This is from this month’s `British Archaeology’ (www.archaeologyuk.org) – the story of an excavation in Durham, where bodies of soldiers taken after a battle in 1650 between the forces of Oliver Cromwell and some residual royalists and their mercenaries ended in buried in mass graves.
The prisoners were not deliberately killed, it seems, but the grave where so many of their bodies was found in digs up to last year showed how tough conditions and maltreatment finished many of them off. Analysis on one skeleton, number 21, turned up some incredible things, and shows just how far science has come today. From tests, the laboratory was able to identify where the person was born, their diet, what times in their life they had suffered illness, and the kind of home they had lived in. The description goes:
`In childhood he suffered hunger or disease, as well as anaemia. In the 1630s he lived in western Scotland and while still a child he moved again. He had chipped teeth and painful dental abscesses. He had herniated a disc in the idle of his back, perhaps by heavy lifting or simply by sneezing while doubled over… He suffered two more episodes of malnutrition, one in his late teens and another at around 21. A few months before his death he was wounded above his left eye… After the battle and march, he spent some time as a prisoner in Durham Cathedral. There be probably fell ill with dysentery before being transferred to the castle, where he died of his illness.’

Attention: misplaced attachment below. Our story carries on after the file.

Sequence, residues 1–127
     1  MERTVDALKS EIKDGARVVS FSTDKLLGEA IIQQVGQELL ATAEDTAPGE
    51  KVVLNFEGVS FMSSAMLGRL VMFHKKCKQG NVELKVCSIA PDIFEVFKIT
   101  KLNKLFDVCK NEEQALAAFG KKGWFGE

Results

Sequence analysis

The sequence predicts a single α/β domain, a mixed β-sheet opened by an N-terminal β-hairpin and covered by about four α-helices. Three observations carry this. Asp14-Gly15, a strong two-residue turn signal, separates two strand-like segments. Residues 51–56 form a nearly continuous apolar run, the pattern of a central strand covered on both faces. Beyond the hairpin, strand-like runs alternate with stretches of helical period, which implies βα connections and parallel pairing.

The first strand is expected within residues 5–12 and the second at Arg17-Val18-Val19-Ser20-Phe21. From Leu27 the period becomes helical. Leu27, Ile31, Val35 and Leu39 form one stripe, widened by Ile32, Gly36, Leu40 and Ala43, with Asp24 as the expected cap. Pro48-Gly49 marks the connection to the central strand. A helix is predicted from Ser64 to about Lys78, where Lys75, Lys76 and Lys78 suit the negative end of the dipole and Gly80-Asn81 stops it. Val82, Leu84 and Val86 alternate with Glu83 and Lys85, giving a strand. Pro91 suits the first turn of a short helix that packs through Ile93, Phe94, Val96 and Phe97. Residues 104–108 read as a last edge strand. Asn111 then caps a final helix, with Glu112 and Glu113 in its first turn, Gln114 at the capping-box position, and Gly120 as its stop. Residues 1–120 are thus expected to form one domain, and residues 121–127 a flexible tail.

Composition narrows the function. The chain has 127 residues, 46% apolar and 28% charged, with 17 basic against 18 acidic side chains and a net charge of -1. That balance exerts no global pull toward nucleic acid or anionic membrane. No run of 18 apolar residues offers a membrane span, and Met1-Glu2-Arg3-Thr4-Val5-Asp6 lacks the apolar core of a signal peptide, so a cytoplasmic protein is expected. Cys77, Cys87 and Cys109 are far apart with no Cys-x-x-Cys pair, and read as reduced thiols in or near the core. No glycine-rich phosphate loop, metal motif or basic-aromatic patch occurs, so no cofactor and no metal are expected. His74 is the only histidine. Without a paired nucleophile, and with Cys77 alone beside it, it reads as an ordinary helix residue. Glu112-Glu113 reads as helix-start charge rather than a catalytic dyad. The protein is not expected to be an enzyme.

As the article goes on to say, archaeology is a remarkably democratizing force. `We probably know as much about this group of men as we do about anyone who lived in 17th century Scotland.’ Skeleton 21’s story is a remarkable haunting one – a vivid illustration of the famous statement by Hobbes, the almost contemporaneous philosopher, who wrote in Leviathan of the life of man being nasty, brutish and short. The article finishes this account off with a reconstruction of the prisoner’s face. If you think of just how tough this guy’s life was, it is a haunting portrait – the emergence from the great anonymity of history, completely unexpectedly, of a face that speaks to us, tells it story to is, and expresses its pain centuries after its death.